Tour Diary, day 832. Sometime in June 2022.
I’ve lost track. I meant to write a few days ago but was driving.
When last we left off I was in Colorado rocking with Roger. Coming down off that mountain I hit the flatlands of Kansas and don’t remember a thing until I was in Tennessee.
Lee Zimmerman lives in Maryville. He’s a rocknroll journalist, former A&R record company guy and an all around sweetheart. His basement looks like every college radio station I was in in the 90s. Shelves and shelves of cds and records all alphabetized and in a semblance of autobiographical order. I mention Blue Rodeo and he shows me his stack of Blue Rodeo albums. There’s tour posters on the walls that have started taking over the ceiling and photos of him with Paul McCartney and a legit super impressive collection. Lee also likes my music and shows me his collection of my stuff. He’s a completist so he wants my solo albums from the 90s and TFS and RATS and even GMs albums. I tell him I can hook him up with most all of that but definitely not my first two solo albums.
We have a casual hang in the patio with his two dogs running around - Buddy and Booboo. He is excited to introduce me to Booboo and loves the alliteration of going “Bobbo, Booboo, Bobbo, Booboo.” The dog is also a sweetheart and climbs up on my chest and snuggles with me.
Tonight I’m playing the Bird and the Book in Maryville. Lee has started a songwriter series there where folks perform and he interviews you on stage as well. On the way there I get the tour of Maryville and it’s a super quaint little town, dare I say “New England-like” in western Tennessee.
When I first walk in I see a blonde woman in a hat waving to me. I put my stuff down on stage and walk over - it’s Tara! I can’t believe she stopped by here. She used to live in SoCal but now lives in South Carolina and was on her way by from Chicago and wow. So cool. Lee is kind of stumped by how I have a “fan” here in Maryville. I tell him that I have “a” fan just about everywhere I play and that I’m working on getting two fans everywhere I go. We have a great catch up and snap photos.
Guitar Geek Audio Paragraph:
The house PA, they tell me beforehand that they had difficulty with the system last time and the soundman somewhat seems to know what he’s doing. I see that the mics are plugged in with xlr to 1/4” cables going into a 16 channel board and big mains and unclear how monitors are wired in so I get my Bose S1 out of the car, dial in my own sound as a monitor and take the line out from that and feed it to their board and tell him “just use this one fader, make it louder or quieter out front and I’m all sorted up here.” Being able to pre-mix and dial it in before it even gets to a foreign Soundsystem situation is a lifesaver.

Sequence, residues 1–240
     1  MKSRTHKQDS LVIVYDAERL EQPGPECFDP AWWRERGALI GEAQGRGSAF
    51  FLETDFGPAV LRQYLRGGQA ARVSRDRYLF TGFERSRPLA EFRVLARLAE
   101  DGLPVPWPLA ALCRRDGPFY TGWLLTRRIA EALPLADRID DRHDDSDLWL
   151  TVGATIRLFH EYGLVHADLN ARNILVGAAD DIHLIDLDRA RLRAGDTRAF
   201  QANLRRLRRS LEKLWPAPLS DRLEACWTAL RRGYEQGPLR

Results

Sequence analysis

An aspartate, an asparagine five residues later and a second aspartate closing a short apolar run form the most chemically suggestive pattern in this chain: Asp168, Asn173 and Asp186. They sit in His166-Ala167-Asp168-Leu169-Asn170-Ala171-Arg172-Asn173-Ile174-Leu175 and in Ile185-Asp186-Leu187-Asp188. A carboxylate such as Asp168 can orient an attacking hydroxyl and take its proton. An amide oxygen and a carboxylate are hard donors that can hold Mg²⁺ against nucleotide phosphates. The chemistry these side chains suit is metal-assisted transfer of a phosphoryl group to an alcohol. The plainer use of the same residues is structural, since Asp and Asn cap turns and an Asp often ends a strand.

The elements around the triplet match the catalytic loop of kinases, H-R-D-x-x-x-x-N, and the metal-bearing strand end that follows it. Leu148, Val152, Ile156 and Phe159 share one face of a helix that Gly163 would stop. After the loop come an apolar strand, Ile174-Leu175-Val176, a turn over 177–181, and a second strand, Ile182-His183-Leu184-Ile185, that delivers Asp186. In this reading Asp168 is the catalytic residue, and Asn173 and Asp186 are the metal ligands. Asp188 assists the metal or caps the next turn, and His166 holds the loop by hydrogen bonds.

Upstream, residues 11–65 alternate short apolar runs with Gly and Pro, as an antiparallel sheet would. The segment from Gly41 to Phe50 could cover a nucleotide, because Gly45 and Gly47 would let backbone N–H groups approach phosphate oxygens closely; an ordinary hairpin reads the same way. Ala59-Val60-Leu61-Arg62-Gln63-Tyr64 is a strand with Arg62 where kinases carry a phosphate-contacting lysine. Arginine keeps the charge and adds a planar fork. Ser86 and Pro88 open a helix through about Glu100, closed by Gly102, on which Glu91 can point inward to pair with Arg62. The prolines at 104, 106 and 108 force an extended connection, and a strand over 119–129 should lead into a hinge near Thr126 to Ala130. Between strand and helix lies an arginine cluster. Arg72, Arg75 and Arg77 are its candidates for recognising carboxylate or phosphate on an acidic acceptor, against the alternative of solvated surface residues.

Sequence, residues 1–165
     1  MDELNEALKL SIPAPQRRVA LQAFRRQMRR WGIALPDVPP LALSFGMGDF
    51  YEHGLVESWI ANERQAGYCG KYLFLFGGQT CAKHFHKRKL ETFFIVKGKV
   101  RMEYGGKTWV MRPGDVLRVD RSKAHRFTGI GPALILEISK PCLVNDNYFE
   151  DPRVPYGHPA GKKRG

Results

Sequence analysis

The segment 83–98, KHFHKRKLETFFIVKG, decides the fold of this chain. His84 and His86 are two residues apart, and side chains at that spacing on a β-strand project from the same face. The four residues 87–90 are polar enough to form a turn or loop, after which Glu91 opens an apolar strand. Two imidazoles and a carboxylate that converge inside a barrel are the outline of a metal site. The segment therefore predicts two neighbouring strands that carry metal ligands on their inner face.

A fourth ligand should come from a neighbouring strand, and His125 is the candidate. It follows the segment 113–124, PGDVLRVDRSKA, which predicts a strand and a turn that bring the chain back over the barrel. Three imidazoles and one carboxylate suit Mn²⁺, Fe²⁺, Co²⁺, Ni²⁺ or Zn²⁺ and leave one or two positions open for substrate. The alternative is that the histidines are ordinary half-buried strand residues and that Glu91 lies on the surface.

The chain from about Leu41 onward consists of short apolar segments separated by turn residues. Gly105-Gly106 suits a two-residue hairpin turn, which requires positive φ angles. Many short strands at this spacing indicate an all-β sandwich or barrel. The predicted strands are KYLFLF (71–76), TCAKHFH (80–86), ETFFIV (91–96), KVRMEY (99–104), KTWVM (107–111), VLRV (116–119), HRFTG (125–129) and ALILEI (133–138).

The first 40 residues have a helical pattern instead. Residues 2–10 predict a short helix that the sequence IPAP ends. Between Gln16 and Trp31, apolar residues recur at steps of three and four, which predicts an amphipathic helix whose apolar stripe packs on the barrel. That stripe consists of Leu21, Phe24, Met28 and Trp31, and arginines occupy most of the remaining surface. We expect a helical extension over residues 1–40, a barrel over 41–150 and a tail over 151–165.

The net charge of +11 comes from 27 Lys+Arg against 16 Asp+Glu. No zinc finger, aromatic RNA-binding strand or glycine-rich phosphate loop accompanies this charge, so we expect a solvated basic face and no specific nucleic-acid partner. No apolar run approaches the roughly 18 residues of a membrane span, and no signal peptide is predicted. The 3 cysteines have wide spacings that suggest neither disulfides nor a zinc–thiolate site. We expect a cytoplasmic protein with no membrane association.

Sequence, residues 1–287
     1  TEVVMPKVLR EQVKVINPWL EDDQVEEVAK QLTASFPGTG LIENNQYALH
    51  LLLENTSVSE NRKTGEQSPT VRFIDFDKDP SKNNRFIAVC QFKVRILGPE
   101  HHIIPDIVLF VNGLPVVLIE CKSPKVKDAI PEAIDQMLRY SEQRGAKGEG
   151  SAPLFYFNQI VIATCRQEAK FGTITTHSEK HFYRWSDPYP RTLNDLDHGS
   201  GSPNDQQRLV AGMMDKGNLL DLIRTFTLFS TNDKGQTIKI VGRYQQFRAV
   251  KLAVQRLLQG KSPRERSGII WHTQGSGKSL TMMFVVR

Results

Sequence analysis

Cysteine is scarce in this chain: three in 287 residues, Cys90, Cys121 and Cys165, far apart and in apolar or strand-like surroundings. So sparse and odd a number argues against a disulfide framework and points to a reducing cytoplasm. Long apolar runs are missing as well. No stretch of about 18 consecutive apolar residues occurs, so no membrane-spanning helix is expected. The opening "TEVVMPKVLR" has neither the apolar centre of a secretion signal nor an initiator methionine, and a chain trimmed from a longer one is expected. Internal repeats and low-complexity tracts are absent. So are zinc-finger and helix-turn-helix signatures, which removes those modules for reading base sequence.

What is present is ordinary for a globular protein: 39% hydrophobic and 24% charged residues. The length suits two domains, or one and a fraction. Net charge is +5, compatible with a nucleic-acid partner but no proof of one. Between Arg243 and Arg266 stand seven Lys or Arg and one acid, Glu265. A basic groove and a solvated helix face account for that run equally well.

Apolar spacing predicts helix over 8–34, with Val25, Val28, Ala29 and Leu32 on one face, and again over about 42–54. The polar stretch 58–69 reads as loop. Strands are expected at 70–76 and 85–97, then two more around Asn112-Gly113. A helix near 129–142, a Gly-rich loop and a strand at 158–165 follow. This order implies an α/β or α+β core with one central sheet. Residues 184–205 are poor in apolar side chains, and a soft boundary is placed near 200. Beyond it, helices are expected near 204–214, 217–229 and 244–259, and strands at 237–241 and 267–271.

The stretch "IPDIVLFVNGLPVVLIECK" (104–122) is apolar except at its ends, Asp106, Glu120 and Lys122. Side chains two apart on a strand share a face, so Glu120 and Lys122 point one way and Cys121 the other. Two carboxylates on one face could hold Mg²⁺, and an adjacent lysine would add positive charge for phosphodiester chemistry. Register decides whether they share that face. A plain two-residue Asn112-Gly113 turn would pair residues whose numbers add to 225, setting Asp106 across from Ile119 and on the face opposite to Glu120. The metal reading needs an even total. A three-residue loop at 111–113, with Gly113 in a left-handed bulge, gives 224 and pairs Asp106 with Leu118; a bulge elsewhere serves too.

This show is sparsely attended but everyone is listening. Everyone is there for this event and that makes every audience member actually count for 4 people. That’s the way it works. You can play to a packed room but if no one is listening or caring, it doesn’t matter. But if you play to 10 people that are all listening and want to be there - it feels like 40.
Lee asks me questions about songs and how I started writing and I do my best to be entertaining. He thinks I’m joking about listening to the Irish Rovers Live first album and how taken I was with the sound in that room and how it just sounded like the best place to be and how I’ve just wanted to be IN that sound.
Politics comes up slightly and I’m aware that I’m in Tennessee and maybe should keep my mouth shut but fuck it, I’m here, I am who I am and it turns out everyone in this room agrees with me. It breaks down another wall and we’re all friends here and we’re not alone.
I barely remember what I played but it went over well. I make some new fans, sell a bunch of merch and there’s even a new fan Linda who heard about the show on tv and just came to hear. She says lovely things about the music and buys a record. She makes sure I sign it to her because she saw U2 on their first tour and didn’t get Bono’s autograph then and she always regretted it.
Lee is clearly a fan of me and my music and it’s absolutely amazing. He is a guy that KNOWS his stuff, listens to music religiously and is always looking for the next thing. He has his favorites for sure but he isn’t afraid to love something. A lot of folks wait to see if other people love a piece of art or music or whatever but he trusts his own taste. It’s a lesson in trusting your instincts. And he has brought me to his neck of the woods of Tennessee because he likes what I do and wants to share it with his community. You cannot ask for more than that in this life. I can’t believe that I forgot to get a picture of us together but hey, we know we were there.
We say our goodbyes and I we go back to Lee’s and talk music and life for the next few hours. It’s a nice calm hang in the woods behind his house and truly relaxing. I tell him about some of my musician friends and he shows me some stuff I didn’t know - there’s so much amazing music in the world. The next morning we get breakfast, head back to the house Lee buys some of the back catalog that he doesn’t have and supplements my cd collection with things he thinks I would like.
I cue up The Zombies that he suggested I listen to and start driving, about 30 miles away and I realize I left my water bottle at his house.